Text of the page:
What if a doctor says, “I’ll admit I promised my patient a good result, and it didn’t turn out that way, but I defy you to show that I did anything wrong.” Maybe you do not have to. It is good medical practice and dental practice for doctor
s to give what is called a prognosis, which means an educated
guess. They will tell patients that everything will be all right, or that they will recover, or predict the outcome of disease. It is a time-honored tradition to make the patient feel better, and it is not binding on the doctor.
The prognosis is not a guarantee of good results. The courts have ruled that when a doctor accepts you as a patient, he only undertakes to treat you, not to cure you or produce any specific result. In fact, the medical profession considered that, since no one can predict the outcome of an illness with any degree of certainty, any such guarantee is unethical. Most good doctors avoid saying anything that could be taken as a specific promise or guarantee of results and will rarely give you more than a general idea of what to expect.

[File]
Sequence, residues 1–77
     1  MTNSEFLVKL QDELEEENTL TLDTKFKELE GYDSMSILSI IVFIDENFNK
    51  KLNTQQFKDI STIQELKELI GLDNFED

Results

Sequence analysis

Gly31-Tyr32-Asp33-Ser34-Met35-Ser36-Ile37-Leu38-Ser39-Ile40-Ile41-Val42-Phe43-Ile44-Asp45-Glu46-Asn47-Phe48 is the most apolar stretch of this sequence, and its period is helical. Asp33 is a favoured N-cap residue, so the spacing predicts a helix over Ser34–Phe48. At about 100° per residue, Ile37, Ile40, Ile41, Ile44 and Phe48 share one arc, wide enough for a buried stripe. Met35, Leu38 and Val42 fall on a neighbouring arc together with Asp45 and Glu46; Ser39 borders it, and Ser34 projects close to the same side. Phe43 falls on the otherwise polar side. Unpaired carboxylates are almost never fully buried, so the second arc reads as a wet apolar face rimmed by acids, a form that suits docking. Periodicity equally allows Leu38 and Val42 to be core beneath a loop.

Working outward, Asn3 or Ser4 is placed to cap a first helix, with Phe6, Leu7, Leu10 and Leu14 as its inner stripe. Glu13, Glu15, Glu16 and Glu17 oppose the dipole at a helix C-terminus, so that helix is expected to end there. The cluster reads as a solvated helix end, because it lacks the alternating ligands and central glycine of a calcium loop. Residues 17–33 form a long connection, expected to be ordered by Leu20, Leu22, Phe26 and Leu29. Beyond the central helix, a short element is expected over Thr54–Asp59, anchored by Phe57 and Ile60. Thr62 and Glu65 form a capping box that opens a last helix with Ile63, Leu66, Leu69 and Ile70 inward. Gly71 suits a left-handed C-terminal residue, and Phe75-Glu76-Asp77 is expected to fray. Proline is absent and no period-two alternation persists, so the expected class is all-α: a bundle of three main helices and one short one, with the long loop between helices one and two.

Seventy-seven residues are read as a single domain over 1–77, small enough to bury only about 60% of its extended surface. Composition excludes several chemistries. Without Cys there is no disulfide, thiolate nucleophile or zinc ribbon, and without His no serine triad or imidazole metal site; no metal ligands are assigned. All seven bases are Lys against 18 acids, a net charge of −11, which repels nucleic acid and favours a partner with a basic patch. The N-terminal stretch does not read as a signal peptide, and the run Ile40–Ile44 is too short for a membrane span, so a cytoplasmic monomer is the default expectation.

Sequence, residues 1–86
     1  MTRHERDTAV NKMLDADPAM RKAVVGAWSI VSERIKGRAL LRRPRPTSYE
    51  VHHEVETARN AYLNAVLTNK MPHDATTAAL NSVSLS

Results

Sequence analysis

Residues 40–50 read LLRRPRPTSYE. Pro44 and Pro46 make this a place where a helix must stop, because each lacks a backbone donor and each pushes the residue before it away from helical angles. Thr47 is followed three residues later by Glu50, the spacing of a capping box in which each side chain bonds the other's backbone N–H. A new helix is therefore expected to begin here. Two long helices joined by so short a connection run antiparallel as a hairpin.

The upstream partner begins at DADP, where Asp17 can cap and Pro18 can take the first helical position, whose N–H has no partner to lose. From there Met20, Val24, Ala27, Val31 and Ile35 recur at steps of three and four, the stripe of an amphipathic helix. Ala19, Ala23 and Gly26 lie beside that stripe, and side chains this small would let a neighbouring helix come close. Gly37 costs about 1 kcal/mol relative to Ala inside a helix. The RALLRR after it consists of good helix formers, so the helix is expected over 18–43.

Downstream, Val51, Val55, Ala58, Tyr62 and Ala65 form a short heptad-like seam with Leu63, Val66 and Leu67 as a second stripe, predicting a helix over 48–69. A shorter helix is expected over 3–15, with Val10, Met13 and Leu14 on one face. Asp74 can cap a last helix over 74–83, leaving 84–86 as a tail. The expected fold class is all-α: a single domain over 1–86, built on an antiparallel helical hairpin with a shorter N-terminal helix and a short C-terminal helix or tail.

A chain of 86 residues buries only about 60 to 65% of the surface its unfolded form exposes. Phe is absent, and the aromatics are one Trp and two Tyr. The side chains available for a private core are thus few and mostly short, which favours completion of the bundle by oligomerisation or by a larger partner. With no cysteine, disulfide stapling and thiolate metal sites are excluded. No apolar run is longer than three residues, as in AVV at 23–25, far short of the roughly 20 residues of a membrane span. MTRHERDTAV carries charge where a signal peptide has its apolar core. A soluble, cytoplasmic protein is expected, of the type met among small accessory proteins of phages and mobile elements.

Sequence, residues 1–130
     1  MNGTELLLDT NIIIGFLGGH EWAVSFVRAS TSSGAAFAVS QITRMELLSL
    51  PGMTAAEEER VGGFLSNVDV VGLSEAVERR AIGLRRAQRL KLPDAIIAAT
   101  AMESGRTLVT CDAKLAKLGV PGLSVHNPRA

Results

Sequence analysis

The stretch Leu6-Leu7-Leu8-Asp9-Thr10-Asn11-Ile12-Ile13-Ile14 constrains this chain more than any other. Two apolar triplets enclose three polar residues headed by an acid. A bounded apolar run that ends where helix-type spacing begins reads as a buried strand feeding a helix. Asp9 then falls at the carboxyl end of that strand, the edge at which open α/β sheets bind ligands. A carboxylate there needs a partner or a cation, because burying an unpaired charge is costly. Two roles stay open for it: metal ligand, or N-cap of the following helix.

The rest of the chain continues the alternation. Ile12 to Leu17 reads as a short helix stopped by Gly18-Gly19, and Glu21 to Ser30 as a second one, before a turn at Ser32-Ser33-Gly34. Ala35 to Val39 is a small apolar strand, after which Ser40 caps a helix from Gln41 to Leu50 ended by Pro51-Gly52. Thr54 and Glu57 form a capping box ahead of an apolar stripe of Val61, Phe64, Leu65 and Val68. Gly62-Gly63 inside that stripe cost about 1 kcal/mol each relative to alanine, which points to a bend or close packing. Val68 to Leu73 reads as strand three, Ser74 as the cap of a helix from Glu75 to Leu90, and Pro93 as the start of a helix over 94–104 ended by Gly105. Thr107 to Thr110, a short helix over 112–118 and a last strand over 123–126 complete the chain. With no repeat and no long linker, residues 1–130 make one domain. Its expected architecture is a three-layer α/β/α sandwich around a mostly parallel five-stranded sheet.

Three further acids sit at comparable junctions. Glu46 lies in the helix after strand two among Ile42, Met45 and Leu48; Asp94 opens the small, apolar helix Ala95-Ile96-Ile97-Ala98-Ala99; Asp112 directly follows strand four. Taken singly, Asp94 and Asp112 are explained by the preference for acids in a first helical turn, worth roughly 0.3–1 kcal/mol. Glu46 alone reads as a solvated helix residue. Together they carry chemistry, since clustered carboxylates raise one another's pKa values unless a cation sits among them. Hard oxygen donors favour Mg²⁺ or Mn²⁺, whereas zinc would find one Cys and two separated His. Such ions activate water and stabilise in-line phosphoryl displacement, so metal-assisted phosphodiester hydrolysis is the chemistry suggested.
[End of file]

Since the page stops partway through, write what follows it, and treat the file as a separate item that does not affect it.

There is an exception, however, when the doctor persuades you to submit to some treatment on the express promise that he will produce a certain result. This is especially true when the treatment is something you really did not need and would not have submitted to but for the doctor’s specific promise. In other words, you may have reason to sue for Breach of Contract if you did something, or submitted to some unnecessary treatment or surgery, just because you relied on the doctor’s promise of good results. The doctor’s promise does not have to be spelled out or put in writing. You would have to show that you acted in reliance on the doctor’s explicit promise of a good result.